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Global Crisis is Threatening Africa's Turnaround

A campaign rally during Ghana's election in December.
A campaign rally during Ghana's election in December. (By Rebecca Blackwell -- Associated Press)
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By Ellen Johnson-Sirleaf
Thursday, April 9, 2009

For more than a decade, much of Africa has been moving forward. Economic growth is rising, poverty is falling and democratic governance is spreading. But the global financial crisis threatens to undo this progress by reducing investment, exports and aid just as they should be expanding to build on these successes.

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While international attention has been understandably focused on events in Darfur, Somalia and Zimbabwe, countries across the continent including Ghana, Tanzania, Mozambique and Liberia have been quietly turning around. Economic growth rates regularly exceed 5 percent in many nations. Since 2000, 34 million more African children are in school. More than 2 million Africans are on lifesaving HIV/AIDS medicines. Malaria deaths have been halved in Rwanda and Ethiopia, and the disease has been virtually eradicated in Zanzibar. Poverty rates are falling fast, from 58 to 51 percent across the continent in just six years, according to the World Bank.

The key to this progress is stronger African leadership and more accountable governance. Today, more than 20 African countries are democracies, up from just three in the 1980s; they have competitive elections and improved human rights, and their news media are much freer. These efforts have been supported by increasingly effective development assistance from the United States and other partners.

Consider what has happened in my country, Liberia. After 14 years of devastating war, we faced enormous challenges but had precious few resources. Our democratically elected government has worked with international partners and a growing number of private investors to turn things around. In the past three years, we have doubled primary school enrollment nationwide, refurbished hundreds of health facilities, and begun rebuilding roads and generators. We have taken steps to root out corruption and remove unscrupulous officials. Growth has exceeded 8 percent per year. And, most critical, we are at peace. We are restoring our once-vibrant nation, and the crucial component -- hope -- has already been revived. Without international support, we would not have made this progress and would be at much greater risk of returning to war.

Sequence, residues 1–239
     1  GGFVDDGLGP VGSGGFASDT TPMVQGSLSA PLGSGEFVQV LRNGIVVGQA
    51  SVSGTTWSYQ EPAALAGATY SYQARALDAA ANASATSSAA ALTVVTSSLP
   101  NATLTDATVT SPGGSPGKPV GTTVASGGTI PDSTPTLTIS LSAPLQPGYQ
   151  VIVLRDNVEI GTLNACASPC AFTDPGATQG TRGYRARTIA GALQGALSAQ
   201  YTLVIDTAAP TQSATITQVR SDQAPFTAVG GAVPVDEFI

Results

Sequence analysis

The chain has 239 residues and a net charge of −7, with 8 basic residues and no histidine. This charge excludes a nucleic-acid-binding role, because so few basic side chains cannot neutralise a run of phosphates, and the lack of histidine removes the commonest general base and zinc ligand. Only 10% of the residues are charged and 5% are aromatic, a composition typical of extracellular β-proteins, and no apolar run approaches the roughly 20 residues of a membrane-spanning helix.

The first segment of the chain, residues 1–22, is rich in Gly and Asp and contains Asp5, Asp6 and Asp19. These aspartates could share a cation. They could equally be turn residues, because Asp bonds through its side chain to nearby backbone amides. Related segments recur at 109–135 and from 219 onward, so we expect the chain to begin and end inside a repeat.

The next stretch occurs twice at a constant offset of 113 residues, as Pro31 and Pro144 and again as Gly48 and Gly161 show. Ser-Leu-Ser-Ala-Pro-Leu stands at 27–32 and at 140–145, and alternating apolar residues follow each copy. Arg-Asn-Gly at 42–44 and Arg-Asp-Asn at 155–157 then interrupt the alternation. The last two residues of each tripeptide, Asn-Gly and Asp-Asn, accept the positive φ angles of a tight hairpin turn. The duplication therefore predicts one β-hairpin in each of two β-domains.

The economic crisis threatens the progress in my country and elsewhere on our continent. An estimated $50 billion in income could be lost in Africa during the next two years. Declining remittances, trade flows and investment could undermine new businesses, throw millions out of work, and increase tensions and instability. The crisis -- which Africa did nothing to cause -- demands a strong response. African nations must do their part by continuing to address corruption, eliminate red tape and reduce obstacles to private-sector growth. But just as industrialized countries need a stimulus, African economies need a boost to keep their progress on track. The Group of 20 meeting last week produced a helpful first step. Going forward, five additional steps are critical.

First, the G-20 pledge to provide the International Monetary Fund with new resources must be fulfilled, and the IMF needs to get those resources to countries quickly and without onerous conditions.

Second, the World Bank and the African Development Bank must better leverage their resources; aggressively front-load support; and better target growth, jobs and safety-net programs. The International Finance Corp., the World Bank's private-sector affiliate, must be especially creative in keeping private investment on track.

Third, bilateral partners must build on their promises to increase aid and make it more effective by reducing bureaucratic delays, speeding disbursements and better aligning programs with African priorities.

Fourth, export credit agencies must use their resources to attack risk and other barriers to trade finance, such as liquidity issues.

Fifth, all countries must resist protectionist pressures so that trade can be the critical engine for restoring global growth.

The citizens and leaders of donor nations should recognize how important their assistance has been to the new leadership in Africa and how appreciative most Africans are for this partnership. Critics say that African economies are shrinking, that poverty is rising and that failing aid is the culprit. But this argument is at least a decade out of date. Africa's turnaround is real, the evidence indisputable. Africans themselves have been the key to this reversal, but more effective aid has played an important role. Reducing aid would slow private-sector growth, stall poverty reduction, and undermine peace and stability in countries that are struggling to become part of the global economy.

It would be a cruel irony if, just as Africa began to succeed, its prospects were cut short by a crisis beyond its control. Strong action by African governments and robust support from the international community can keep Africa's recovery on track. Both should continue to do their part.

The writer is president of Liberia and the author of "This Child Will Be Great: Memoir of a Remarkable Life by Africa's First Woman President."


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